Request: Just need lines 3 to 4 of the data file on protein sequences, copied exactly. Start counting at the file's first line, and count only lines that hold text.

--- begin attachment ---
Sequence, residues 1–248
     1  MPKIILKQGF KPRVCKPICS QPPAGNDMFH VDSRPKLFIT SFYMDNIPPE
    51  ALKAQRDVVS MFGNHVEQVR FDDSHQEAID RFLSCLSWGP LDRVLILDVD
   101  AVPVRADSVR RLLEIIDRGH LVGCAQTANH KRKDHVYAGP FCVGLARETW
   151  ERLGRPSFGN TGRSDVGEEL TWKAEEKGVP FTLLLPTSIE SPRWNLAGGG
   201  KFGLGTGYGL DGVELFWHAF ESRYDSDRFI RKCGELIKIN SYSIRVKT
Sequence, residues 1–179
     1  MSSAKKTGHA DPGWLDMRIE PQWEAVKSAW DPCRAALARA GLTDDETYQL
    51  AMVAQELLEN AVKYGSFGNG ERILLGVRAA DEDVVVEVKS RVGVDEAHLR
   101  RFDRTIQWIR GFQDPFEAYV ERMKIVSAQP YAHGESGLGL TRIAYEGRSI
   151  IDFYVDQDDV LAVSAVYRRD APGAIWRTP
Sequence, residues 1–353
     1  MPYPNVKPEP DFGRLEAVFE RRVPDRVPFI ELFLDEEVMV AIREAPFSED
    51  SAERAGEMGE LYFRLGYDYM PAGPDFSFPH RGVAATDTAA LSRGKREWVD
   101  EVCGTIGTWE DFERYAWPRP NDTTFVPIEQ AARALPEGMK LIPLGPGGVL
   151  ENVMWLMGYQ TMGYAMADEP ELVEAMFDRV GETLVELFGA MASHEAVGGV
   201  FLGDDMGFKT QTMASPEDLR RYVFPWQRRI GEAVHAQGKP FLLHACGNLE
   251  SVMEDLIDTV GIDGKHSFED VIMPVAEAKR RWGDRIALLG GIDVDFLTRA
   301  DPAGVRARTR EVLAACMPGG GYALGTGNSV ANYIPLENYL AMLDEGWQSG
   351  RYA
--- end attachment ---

    51  ALKAQRDVVS MFGNHVEQVR FDDSHQEAID RFLSCLSWGP LDRVLILDVD
   101  AVPVRADSVR RLLEIIDRGH LVGCAQTANH KRKDHVYAGP FCVGLARETW